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Alabama Re Memorandum Opinion

Alabama Re Memorandum Opinion

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Published by Roger Shuler
Court opinion in an insurance-fraud case involving Alabama Reassurance.
Court opinion in an insurance-fraud case involving Alabama Reassurance.

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Published by: Roger Shuler on Jul 27, 2011
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11/17/2013

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IN THE UNITED STATES DISTRICT COURTFOR THE EASTERN DISTRICT OF PENNSYLVANIAUNITED STATES OF AMERICA:CRIMINAL ACTION:NO. 96-583v.::CIVIL ACTIONALLEN W. STEWART:NO. 00-6299MEMORANDUMBartle, J. June , 2001Before the court is the motion of Allen W. Stewart("Stewart") under 28 U.S.C. § 2255 to vacate, set aside, orcorrect sentence.Stewart was convicted by a jury in December, 1997 of135 counts of violating the Racketeer Influenced and CorruptOrganizations Act ("RICO"), 18 U.S.C. §§ 1961, etseq., as wellas federal mail fraud, wire fraud, and money laundering statutes.18 U.S.C. §§ 1341, 1343, 1957. The charges arose out ofStewart's involvement in a complex scheme to loot Summit NationalLife Insurance Company ("Summit") and Equitable Beneficial LifeInsurance Company ("EBL"). The jury also determined that certainof Stewart's assets were subject to forfeiture under the RICO andmoney laundering laws. On August 13, 1998 Stewart was sentencedto 15 years imprisonment, and an order of restitution in theamount of $60.1 million was entered against him. His convictionand sentence were subsequently affirmed by the Court of Appeals,United States v. Stewart, 185 F.3d 112 (3d Cir. 1999), and the
 
1. Title 18 U.S.C. § 1341 provides in relevant part:Whoever, having devised or intending todevise any scheme or artifice to defraud, orfor obtaining money or property by means offalse or fraudulent pretenses, ... places inany post office or authorized depository formail matter, any matter or thing whatever tobe sent or delivered by the Postal Service,..., or takes or receives therefrom, any suchmatter or thing, ..., shall be fined underthis title or imprisoned not more than fiveyears, or both.2. The wire fraud statute is identical to the mail fraud statuteexcept that the wrongdoer "transmits or causes to be transmittedby means of wire, ... any writings, signs, signals, pictures orsounds for the purpose of executing such scheme or artifice." 18U.S.C. § 1343.3. While Cleveland dealt only with the federal mail fraudstatute, it is also applicable to the federal wire fraud statute.SeeUnited States v. Tarnopol, 561 F.2d 466, 475 (3d Cir. 1977).-2-Supreme Court thereafter denied certiorari. Stewart v. UnitedStates, 528 U.S. 1063 (1999).I.Stewart's timely collateral attack first challenges hisconvictions for mail fraud under 18 U.S.C. § 1341
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and wire fraudunder 18 U.S.C. § 1343.
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To support his argument that theseconvictions must be vacated, Stewart relies on Cleveland v.United States, 531 U.S. 12, 121 S. Ct. 365 (2000), decided afterthe Supreme Court denied certiorari in this case, and thus afterhis conviction became final. Cleveland held that licenses issuedby states are not property within the meaning of the federal mailfraud statute.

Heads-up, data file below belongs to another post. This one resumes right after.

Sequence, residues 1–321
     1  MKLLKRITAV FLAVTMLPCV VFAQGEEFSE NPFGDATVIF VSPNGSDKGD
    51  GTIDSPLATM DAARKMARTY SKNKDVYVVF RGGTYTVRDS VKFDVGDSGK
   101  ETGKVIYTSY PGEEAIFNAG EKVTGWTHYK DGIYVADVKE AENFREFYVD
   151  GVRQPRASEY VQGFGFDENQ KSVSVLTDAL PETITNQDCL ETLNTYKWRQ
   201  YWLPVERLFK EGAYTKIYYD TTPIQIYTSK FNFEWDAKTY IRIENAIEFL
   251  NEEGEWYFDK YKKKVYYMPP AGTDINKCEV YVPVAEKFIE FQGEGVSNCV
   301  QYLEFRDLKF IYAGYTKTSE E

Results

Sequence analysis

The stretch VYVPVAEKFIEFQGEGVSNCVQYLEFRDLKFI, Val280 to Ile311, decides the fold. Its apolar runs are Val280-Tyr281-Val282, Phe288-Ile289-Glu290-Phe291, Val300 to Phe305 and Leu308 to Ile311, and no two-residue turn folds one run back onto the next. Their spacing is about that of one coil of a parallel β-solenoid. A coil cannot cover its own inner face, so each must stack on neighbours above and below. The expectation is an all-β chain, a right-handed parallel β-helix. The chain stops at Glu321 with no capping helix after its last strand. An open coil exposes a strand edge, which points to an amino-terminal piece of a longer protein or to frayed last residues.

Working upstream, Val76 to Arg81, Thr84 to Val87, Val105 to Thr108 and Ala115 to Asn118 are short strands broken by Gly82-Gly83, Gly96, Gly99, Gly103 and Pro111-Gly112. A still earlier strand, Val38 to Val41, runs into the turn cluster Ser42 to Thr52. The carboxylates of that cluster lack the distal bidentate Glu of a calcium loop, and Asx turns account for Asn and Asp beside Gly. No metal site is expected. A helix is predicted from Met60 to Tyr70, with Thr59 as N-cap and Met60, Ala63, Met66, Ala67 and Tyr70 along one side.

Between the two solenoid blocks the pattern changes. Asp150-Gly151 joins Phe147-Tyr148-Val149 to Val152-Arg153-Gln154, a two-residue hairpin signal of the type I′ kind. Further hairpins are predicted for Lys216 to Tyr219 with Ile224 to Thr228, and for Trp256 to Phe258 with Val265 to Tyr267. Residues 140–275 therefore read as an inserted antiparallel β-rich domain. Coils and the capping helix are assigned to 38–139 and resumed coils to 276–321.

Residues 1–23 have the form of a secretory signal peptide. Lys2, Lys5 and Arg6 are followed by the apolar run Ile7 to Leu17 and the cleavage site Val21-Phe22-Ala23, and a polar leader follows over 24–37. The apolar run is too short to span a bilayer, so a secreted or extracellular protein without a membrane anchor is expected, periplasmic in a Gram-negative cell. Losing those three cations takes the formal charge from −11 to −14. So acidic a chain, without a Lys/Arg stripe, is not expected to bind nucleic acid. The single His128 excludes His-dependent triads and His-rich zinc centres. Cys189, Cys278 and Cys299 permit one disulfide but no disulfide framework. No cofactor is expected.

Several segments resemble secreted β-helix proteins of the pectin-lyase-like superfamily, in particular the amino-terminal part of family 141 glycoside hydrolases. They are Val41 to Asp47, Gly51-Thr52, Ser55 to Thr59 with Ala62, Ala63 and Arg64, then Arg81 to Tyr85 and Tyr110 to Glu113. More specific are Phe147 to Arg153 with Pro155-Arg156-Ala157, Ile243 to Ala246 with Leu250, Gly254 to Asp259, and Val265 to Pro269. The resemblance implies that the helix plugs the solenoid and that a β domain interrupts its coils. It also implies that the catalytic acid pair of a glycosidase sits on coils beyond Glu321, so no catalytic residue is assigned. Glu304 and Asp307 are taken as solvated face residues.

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Since the mail fraud statute "requires theobject of the fraud to be 'property' in the victim's hands," the
 
4. We note that Stewart attempts to couch his Cleveland argumentas a nonwaivable jurisdictional defect of which there can be noprocedural default. We disagree with this characterization. InCleveland the Court interpreted the term "property" in adifferent, more restrictive manner than some lower courts had.In that sense it is analogous to cases such as Bailey v. UnitedStates, 516 U.S. 137 (1995), where the term "using" a firearm in18 U.S.C. § 924(c)(1) was redefined, and McNally v. UnitedStates, 483 U.S. 350 (1987), where the reach of the mail fraudstatute was restricted to exclude an intangible rights theory.Courts addressing the application of Bailey and McNally in post-conviction proceedings have not excused procedural default unlessthe test for doing so has been met. See, e.g.,Bousley v. UnitedStates, 523 U.S. 614 (1998);United States v. Osser, 864 F.2d1056 (3d Cir. 1988); United States v. Shelton, 848 F.2d 1485(10th Cir. 1988).-3-Court concluded that the use of fraud to obtain a state licensedoes not fall within the ambit of § 1341. Id. at 374. Thus,even though "licensees may have property interests in theirlicenses," using a scheme or artifice to defraud in order toobtain a license from a state regulator does not constitute aviolation of § 1341. Id.Before turning to the merits of Stewart's Clevelandargument, we must decide whether his claim is procedurallydefaulted.
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While Stewart raised the issue of licenses notconstituting property under the mail and wire fraud statutesprior to trial and in his certiorari petition, he did not assertit during his direct appeal. The Supreme Court most recentlyaddressed procedural default in Bousley v. United States, 523U.S. 622 (1998). See alsoUnited States v. Frady, 456 U.S. 152,167 (1982).Bousley made clear that the procedural default ruleapplies to claims arising under decisions like Cleveland whichhold "that a substantive federal criminal statute does not reach

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